(1) JoyingBrescia was 8 years old when she noticed that cigarette butts (烟头) were littering her hometownbeach in Isle of Palms, South Carolina. When she learned that it takes fiveyears for the remains of a cigarette to disintegrate, she decided to takeaction. Joying launched a "No Butts on the Beach" campaign. Sheraised money and awareness about the need to keep the beaches clean. With thehelp of others, Joying also bought or received donations of gallon-size plasticice-cream buckets. The buckets were filled with sand and placed at allpublic-access areas of the beach. The buckets allowed people to dispose oftheir cigarettes before hitting the beach. Two years later. Joying says thebuckets are full and the beach is nearly free of cigarette debris (残片) .
(2) Peoplewho live in or visit Steamboat Springs, Colorado have Carter Dunham to thankfor a new state wildlife refuge that preserves 20 acres of marshland and manyspecies of wildlife.
Carter andother students wrote a management plan for the area around the Yampa River. Theplan was part of a class project when Carter was a freshman at SteamboatSprings High School. Working with the Colorado Division of Wildlife, Carter andhis classmates mapped the area and species of animals living there. They alsomade decisions about, among other things, where fences and parking areas shouldbe built.
(3) BarbaraBrown and her friends collect oil. It started as a project for their 4H Clubafter one of the girls noticed her father using motor oil to kill weeds ontheir farm in Victoria, Texas. They did some research and discovered that oilcan contaminate ground water, a real danger in rural areas, where people liveoff the water on their land. The girls researched ways to recycle oil andworked with a local oil-recycling company on the issue. Now, the "Don't BeCrude" program runs oil collection sites--tanks that hold up to 460gallons- where people in the community can dispose of their oil.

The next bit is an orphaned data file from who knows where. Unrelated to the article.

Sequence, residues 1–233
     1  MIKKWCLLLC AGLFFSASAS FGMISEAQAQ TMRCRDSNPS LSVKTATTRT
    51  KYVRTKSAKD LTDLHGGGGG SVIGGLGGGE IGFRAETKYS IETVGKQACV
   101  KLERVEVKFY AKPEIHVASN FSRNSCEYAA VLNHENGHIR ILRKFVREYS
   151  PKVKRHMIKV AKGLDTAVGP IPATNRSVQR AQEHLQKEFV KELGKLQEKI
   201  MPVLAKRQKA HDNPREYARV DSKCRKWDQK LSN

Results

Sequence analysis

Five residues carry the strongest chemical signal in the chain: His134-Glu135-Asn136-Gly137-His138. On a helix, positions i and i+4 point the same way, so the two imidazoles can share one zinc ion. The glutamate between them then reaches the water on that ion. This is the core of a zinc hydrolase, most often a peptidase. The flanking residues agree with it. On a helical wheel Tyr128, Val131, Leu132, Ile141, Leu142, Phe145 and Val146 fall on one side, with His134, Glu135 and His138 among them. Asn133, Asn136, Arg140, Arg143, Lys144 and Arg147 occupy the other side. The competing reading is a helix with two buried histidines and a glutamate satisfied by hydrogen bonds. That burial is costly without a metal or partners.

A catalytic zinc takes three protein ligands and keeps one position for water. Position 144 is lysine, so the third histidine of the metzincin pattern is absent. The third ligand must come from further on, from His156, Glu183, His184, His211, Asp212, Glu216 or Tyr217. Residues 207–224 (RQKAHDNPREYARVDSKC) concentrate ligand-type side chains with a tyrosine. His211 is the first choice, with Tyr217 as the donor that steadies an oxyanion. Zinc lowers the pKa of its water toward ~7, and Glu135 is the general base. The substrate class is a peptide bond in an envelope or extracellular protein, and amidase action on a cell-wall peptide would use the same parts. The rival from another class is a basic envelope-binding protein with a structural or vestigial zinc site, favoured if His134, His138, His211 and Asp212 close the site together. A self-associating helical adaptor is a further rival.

(4) Fiveyears ago, 11-year-old Ryan Hreljac was a little boy with a big dream: for allthe people in Africa to have clean drinking water. His dream began in the firstgrade when he learned that people were dying because they didn't have cleanwater, and that as little as $70 could build a well. "We really take waterfor granted," says Ryan, of Kemptville,Ontario, in Canada. "In othercountries, you have to plan for it." Ryan earned the first $70 by doingextra chores (零工) , but withthe help of others, he has since raised hundreds of thousands of dollars.
(5) Hisefforts led to the start of the Ryan's Well Foundation, which raises money forclean water and health-related services for people in African countries anddeveloping countries.
25.Paragraph 3 __________.
26.Paragraph 4 __________.
A. Provideclean water
B. Dig oilwells
C. Saveclean water
E. Don't becrude
27. Joyingplaced the buckets at all public-access areas to__________.
28. Peopleare grateful to Carter Dunham for his efforts to__________.
29. Disposedoil and many other items can be reused to__________.
30. Ryan,with the help of others, is fulfilling his dream ofhelp African peopleto__________.
A. make newmaterials
B. preservewetland and animals
C. haveclean air
D. haveclean water
E. collectcigarette butte
F. collectdespoiled oil